What the pitch “What if a bear did cocaine?” needed a sure grasp when it came to getting the tonal shifts from comic to gory right. No one needed it to be good – just not tame or unfunny. At the end of the day, this feels like a movie shamelessly designed to draw in audience members on the promise of being part of an internet-based cultural conversation about that film, only for the one decent joke to be: they made a film called Cocaine Bear. Never since the aforementioned Snakes on a Plane has a film failed to live up to its gonzo title so badly.
Or its poster.
Or its promising trailer.
And before you ask, no – it’s not so-bad-it’s-good and still worth a gander while intoxicated. Stay in school, kids.
Onto the other ursine...
This one hasn't been railing lines but has gone down the slasher route.
When it was announced, I was initially excited at the thought of Winnie-The-Pooh: Blood & Honey. An anthropomorphic Winnie and Piglet go full Michael Myers in the woods after their friend Christopher Robin (Nikolai Leon) grows up and abandons them in the Hundred Acre Wood? Yes please.
Not that I was expecting it to be any good – just cheap subversive fun.
After all, the copyright on A.A. Milne’s Winnie-The-Pooh has expired, so why not stick it to Disney (who control much of the IP) and make a cheap, borderline punk horror movie? Now that’s subversion!
Sadly, this is a painfully generic wasted opportunity, the sort of incompetently made horror film which – like Cocaine Bear – commits the cardinal sin of wasting a damn fine premise and being no fun. It ticks off just about every horror trope going and does none of them justice; the rules aren’t kept to; Rhys Frake-Waterfield’s staggeringly inept script makes Tommy Wiseau seem misunderstood; and the unimaginative kills genuinely made me nod off at one point.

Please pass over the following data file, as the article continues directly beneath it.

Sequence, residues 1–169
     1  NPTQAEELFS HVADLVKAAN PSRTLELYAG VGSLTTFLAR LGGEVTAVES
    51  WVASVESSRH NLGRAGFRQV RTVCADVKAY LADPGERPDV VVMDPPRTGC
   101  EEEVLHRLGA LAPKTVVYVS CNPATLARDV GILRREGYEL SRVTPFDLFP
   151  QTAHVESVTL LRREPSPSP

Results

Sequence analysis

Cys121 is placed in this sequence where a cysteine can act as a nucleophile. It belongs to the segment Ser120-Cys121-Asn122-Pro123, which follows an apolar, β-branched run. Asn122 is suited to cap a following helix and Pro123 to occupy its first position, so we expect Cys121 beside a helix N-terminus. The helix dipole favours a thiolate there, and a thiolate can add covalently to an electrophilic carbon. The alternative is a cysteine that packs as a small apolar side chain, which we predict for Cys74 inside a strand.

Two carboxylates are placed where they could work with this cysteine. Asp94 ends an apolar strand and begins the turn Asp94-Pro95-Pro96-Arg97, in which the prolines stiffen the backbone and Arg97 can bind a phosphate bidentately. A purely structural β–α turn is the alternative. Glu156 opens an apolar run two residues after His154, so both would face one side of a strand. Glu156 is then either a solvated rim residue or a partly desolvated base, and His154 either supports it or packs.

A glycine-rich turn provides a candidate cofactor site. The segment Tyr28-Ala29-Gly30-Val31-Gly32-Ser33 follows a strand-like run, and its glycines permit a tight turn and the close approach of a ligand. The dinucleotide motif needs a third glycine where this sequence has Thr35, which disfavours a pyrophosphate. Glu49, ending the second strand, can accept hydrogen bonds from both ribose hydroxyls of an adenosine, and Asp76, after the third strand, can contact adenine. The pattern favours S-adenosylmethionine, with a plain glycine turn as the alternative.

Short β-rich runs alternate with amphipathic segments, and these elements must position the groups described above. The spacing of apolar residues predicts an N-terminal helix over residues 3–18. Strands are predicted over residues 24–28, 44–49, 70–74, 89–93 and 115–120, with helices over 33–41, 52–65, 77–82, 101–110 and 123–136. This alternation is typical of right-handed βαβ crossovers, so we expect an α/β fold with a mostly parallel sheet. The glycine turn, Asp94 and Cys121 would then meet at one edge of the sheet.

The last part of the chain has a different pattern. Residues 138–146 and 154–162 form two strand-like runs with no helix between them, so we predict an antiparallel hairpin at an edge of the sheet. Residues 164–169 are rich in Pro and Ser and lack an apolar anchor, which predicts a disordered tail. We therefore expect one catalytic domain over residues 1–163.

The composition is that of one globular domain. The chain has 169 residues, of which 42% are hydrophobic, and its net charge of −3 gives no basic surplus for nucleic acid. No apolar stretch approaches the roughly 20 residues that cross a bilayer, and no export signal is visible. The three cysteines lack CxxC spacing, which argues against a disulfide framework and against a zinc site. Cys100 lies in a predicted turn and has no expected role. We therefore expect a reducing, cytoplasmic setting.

Again, like Cocaine Bear, this one is just a cynical headline-grabber because the slasher concept is so far removed from the wholesome original creation. Nothing more. The only thing going for it is a scene in which Winnie karate-chops one of his victim’s hands off. That was cool. But not enough to redeem this bear-minimum drivel that you can file under: ‘Oh (don’t) bother.’
As you’ve probably guessed from my shorter review of this film, Winnie-The-Pooh: Blood & Honey is significantly worse than Cocaine Bear. If you feel compelled to watch one of the two, you’ll be less disappointed by the cocaine huffing ursine.
But please don’t.
Life is short, both are jokes without punchlines, and neither film comes close to heralding the return of camp horror to the screens.
Worse, giving these films any cash influx will give both Banks and Frake-Waterfield dipsh*t hopes for sequels. The latter has already expressed an interest in starting a fairy tale horror franchise, while the former has already spoken about how a Cocaine Bear follow-up could work.
Crush these dreams by staying out of the woods, safe in the knowledge that bears are not this year’s donkeys.